I had a heart cath done four years ago, after several bouts of shortness of breath with exertion and chest pains. The cardio did a nuclear scan/stress test and called me that night to tell me there was a low ejection fraction from my left ventricle and he thought it must be a blockage and wanted to do a cath, I was 28 at the time. I did the heart cath (well, actually the Dr. did it) but anyway after he said "oops! it must have been a false negative." Great, for the false negative! But I went through all that for nothing!
Fast forward to this year, now I get more chest pain that involve a spot deep in the middle of my shoulderblades and my left shoulder and left upper arm with decreased sensation in my left fingertips, and at times my left neck and jaw. After a month of this the chest pains were a 6/7 on pain scale and the pain deep in between my shoulderblades a 8/9, and one night where I woke up around 2am with sever chest pain, I went to the cardio (a new one as I moved to another state since the cath) and he said "you are only 32 yrs old, theres nothing cardiac going on here, but to make you feel better well do a quick EKG, if anything happened last night it'll show up, I dont think there will be anything on the EKG, though." He thought it is just stress, sounds good to me! So we did a quick EKG--it read "Rightward axis, anteroseptal infarct". I said "uhm???...." He said he still believed the machine misread something on the EKG, and that it is set up to interpret things (the machine) but he doesnt see anything there on the EKG paper to interpret that way. O.k., he still had me feeling better about it was nothing. THis was a Friday. Throughout the weekend pains continued, went up my jaw and left arm, I was in tears, I drove back to his office (on Monday) patting myself on the back for not going to the ER and they did another EKG saying that the Dr. wasnt in the office. When it read "Rightward axis, anterosetal infarct and possible lateral infarct" they faxed it to the Dr. who said to go to the ER. I drove there, the Dr. there said he wasnt worried about what he saw on the two EKGs (i brought copies) and that they didnt scare him, he thought the machine misinterpreted some wave forms, and he ordered triponin levels and d-dimer levels, both normal, and said for me to go home. He also said, you are only 32 and therefore this cant be cardiac. Ok, I felt better, skeptical also, and asked him on his way out of my room, "If I were 52 instead of 32 would you think differently?", his answer was yes, as he left.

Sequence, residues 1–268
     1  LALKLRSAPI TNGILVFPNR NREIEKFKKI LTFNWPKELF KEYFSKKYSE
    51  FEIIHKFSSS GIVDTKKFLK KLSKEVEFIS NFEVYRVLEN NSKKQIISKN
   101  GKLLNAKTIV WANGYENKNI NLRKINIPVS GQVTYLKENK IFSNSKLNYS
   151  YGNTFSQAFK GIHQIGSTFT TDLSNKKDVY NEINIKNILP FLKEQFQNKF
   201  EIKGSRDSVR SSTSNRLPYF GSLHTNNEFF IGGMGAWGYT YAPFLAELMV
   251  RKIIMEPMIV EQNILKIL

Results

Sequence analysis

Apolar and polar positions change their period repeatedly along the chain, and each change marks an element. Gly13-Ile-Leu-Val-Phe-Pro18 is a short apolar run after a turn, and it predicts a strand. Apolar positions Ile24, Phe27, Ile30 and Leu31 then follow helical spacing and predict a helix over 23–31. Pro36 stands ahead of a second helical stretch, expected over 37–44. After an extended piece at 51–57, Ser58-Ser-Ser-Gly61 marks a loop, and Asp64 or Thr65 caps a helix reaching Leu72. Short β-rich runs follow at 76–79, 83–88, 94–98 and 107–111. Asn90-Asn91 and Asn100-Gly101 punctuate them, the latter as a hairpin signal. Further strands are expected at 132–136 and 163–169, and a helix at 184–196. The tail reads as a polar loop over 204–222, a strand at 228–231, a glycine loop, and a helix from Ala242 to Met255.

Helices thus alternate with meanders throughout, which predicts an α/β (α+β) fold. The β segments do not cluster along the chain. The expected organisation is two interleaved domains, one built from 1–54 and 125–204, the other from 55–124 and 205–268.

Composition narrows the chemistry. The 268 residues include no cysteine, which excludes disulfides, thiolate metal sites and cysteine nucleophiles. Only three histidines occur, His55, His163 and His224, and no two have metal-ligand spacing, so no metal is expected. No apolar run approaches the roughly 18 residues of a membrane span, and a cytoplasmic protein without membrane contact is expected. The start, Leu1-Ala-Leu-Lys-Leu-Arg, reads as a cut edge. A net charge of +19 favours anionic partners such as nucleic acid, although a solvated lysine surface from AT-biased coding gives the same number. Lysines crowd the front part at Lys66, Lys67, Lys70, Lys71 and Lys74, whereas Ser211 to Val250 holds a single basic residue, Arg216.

My question is, can an EKG machine misinterpret certain waves, etc. when there really is nothing there? Curious note, 90% of my EKG's in the past four years come out reading "rightward axis, or right axis deviation (probably same thing) and septal infarct or anteroseptal infarct."
Sorry about your rough go - lots of stress I imagine. Doctors do tend to dismiss younger people (in my experience) unless there is a strong indicator. I was a ripe old 38 (6 years your elder) when I started having problems, and if it weren't for my strong family history I would have been dismissed too. They put me off several times before I pushed, and when they agreed to test me I ended up having 3 stents. So if you are having strong symptoms, age is a factor but isn't necessarily the only factor. If you have strong family history of heart disease, smoke, have diabetes, etc. you can push them to test you. The EKG is okay at catching a heart attack, but I don't trust it at all to find a blockage. I have not had a heart attack by the way, but caught my symptoms before they led to one. Anyway, If you are having classic symptoms, I would not stop at an EKG - they can have both false positives and false negatives. But with a recurring reading that you are receiving, I'd think it would at least warrant another test. You say you are having pain - is is pressure/pinching sensation or a sharp pain? If it is the pressure/pinching, I'd recommend additional testing i.e. the nuke stress test. I know you had a false positive, but they are a pretty good test at finding ischemia. There's also the 64CT slice scan that might be a good option for you. Best of luck - don't let them pawn you off simply because of age.
Thank you for your comments and advice. Im sorry you have the family history and had to have stents. I hope all is well with you. The cardio here did want to do the cardiac CT, the 64CT you suggested. Only I am allergic to the dye and my heartrate stays at 100+ with a bloodpressure of average 100/60. So, I would have to take prednisone for the allergy to the dye and enough metoprolol to get the heartrate down to around 55-60, but metoprolol also lowers bloodpressure, and with it starting out at 100/60 how much lower can you go without bottoming out? Well, I finally said Ill do it anyway, but was unable to take the prednisone becuase after the first pill I began to urinate every two minutes so excessively that I actually dehydrated that night and couldnt go in the next morning for the test (that is listed as a rare side effect of prednisone). I am waiting for the 124 slice CT to become more readily available.